Georgia Trump prosecutor seeks to avoid testifying

 January 19, 2024

Fani Willis, the district attorney overseeing the Georgia election interference case against former President Donald J. Trump, is facing attempts to quash a subpoena requiring her testimony in the divorce proceedings of Nathan J. Wade, a special prosecutor she hired for the case.

Accusations of a romantic relationship between Ms. Willis and Mr. Wade were presented in a court filing by Michael Roman, one of Trump's co-defendants, alleging a conflict of interest and seeking their removal from the case.

The details

Mr. Roman's lawyer, Ashleigh Merchant, claims sealed court records in Mr. Wade's divorce case contain evidence of the alleged relationship.

The pending divorce involves Mr. Wade and his wife, Joycelyn. The filing accuses Ms. Wade of conspiring to distress and embarrass Ms. Willis, emphasizing the timing of the subpoena coinciding with motions to unseal divorce records and dismiss prosecutors in the Trump case.

In response, Ms. Willis denied any personal knowledge relevant to the divorce and emphasized the declared irretrievable breakdown of Mr. Wade's marriage.

Her lawyer, Cinque Axam, argued that when both parties assert a broken marriage, there is no genuine issue to address.

The hearing

The judge presiding over the Trump case scheduled a hearing on Feb. 15 to address Mr. Roman's motion seeking the removal of Ms. Willis and Mr. Wade from the case.

This motion also calls for the dismissal of charges against Mr. Roman. The judge ordered Ms. Willis to submit a written response by Feb. 2 and to appear at the televised hearing.

The unexpected turn of events adds a new layer to the case. A recent email exchange between defense lawyers and prosecutors revealed tensions, with Ms. Willis stating that "some people will never be able to respect African Americans," blaming race for the accusations.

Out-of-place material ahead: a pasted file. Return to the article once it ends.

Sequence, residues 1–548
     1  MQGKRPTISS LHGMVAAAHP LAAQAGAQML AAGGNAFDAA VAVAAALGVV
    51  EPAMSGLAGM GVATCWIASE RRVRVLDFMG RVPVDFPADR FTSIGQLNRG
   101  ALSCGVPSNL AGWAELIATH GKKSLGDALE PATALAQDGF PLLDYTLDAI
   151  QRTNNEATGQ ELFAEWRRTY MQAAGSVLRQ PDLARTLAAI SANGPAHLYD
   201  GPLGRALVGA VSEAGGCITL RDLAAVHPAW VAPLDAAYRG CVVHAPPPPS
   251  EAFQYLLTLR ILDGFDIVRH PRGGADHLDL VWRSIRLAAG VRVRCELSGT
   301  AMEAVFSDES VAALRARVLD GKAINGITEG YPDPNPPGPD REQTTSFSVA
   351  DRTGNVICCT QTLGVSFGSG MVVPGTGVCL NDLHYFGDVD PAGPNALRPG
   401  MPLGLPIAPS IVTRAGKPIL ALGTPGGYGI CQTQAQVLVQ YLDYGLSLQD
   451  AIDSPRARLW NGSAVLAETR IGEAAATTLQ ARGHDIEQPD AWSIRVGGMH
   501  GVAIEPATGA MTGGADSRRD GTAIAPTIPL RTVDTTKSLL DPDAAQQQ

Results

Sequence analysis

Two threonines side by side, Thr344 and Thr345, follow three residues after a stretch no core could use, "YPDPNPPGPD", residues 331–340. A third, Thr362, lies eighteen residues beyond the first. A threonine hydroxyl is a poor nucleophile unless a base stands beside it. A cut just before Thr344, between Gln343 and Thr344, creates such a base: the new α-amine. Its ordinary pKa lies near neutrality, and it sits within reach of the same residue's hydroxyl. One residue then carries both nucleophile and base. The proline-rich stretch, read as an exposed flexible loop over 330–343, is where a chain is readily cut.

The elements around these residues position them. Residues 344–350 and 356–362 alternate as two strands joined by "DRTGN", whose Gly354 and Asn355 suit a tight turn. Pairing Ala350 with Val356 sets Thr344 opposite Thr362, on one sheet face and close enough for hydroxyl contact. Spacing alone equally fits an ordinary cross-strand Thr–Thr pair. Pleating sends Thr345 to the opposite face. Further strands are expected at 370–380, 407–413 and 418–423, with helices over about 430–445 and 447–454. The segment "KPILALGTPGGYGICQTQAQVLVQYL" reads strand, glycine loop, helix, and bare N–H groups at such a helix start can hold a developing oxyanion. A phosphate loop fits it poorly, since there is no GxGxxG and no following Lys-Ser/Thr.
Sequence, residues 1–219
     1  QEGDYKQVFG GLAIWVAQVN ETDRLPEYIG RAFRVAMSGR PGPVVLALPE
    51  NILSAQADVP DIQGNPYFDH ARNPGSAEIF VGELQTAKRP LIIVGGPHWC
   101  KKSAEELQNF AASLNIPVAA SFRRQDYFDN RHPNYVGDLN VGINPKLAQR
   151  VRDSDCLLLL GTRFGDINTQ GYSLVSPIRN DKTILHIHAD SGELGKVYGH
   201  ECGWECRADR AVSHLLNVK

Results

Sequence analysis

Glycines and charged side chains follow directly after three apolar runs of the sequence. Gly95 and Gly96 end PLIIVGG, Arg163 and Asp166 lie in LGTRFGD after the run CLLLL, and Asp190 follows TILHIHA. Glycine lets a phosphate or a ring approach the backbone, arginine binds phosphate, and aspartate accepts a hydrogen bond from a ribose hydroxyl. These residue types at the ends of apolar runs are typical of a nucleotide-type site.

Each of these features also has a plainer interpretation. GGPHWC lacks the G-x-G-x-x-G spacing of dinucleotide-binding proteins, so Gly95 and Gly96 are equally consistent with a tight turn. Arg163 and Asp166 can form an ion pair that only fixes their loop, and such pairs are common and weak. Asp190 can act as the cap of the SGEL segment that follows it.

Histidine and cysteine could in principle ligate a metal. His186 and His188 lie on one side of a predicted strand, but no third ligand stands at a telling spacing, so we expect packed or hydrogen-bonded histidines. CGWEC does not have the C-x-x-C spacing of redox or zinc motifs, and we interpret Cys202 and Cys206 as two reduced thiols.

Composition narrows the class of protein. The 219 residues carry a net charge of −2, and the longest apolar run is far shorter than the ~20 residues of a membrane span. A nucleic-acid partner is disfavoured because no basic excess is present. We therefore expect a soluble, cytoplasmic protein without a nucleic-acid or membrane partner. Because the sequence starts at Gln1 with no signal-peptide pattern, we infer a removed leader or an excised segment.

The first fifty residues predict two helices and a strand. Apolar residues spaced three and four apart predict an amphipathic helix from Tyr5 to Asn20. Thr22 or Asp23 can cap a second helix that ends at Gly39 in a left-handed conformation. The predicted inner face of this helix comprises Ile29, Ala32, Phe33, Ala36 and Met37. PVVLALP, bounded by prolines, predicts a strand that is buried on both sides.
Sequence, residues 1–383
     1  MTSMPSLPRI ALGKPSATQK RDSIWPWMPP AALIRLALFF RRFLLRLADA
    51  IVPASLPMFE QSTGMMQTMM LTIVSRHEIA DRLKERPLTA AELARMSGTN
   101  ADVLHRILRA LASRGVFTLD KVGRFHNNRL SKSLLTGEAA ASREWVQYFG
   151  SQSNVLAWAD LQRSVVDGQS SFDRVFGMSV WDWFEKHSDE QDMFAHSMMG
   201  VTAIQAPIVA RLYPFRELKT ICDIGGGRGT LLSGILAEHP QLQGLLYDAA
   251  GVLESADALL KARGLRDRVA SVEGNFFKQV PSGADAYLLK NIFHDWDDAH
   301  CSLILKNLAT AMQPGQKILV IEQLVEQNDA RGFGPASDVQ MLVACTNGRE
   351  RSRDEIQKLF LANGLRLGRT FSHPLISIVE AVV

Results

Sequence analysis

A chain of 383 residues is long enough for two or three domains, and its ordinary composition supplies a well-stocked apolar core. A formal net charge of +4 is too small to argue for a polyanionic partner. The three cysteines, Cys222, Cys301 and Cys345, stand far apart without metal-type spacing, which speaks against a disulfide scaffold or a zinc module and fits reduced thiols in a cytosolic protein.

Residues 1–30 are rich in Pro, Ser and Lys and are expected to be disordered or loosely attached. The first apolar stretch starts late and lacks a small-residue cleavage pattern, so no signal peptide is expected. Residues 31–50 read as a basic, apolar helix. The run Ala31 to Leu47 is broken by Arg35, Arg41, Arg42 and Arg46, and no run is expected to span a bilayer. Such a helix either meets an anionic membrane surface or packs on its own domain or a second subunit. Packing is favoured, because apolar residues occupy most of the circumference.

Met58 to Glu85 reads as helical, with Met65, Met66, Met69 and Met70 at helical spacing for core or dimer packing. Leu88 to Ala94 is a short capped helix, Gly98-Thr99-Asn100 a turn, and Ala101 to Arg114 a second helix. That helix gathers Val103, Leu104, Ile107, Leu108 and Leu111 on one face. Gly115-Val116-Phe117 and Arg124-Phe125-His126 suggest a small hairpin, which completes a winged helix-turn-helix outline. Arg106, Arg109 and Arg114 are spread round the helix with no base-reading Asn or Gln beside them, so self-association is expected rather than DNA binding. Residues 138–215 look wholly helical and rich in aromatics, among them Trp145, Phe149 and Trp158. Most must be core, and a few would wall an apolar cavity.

This exchange occurred before and after the filing alleging the romantic relationship.

What's next?

The proceedings continue with a hearing on the unsealing of divorce files scheduled for Jan. 31 in Cobb County, Georgia, and the hearing on Feb. 15 addressing the motions in the Trump case.

"Trump, Roman, and 17 others pleaded not guilty in August to all charges in a sweeping racketeering indictment for alleged efforts to overturn the results of the 2020 presidential election in the state of Georgia," in the Trump case, according to ABC News.

"Defendants Kenneth Chesebro, Sidney Powell, Jena Ellis and Scott Hall subsequently took plea deals in exchange for agreeing to testify against other defendants," it added.

The developments in the case highlight the complexity and intertwining of legal, personal, and professional aspects, with ongoing scrutiny of various dimensions of the proceedings.

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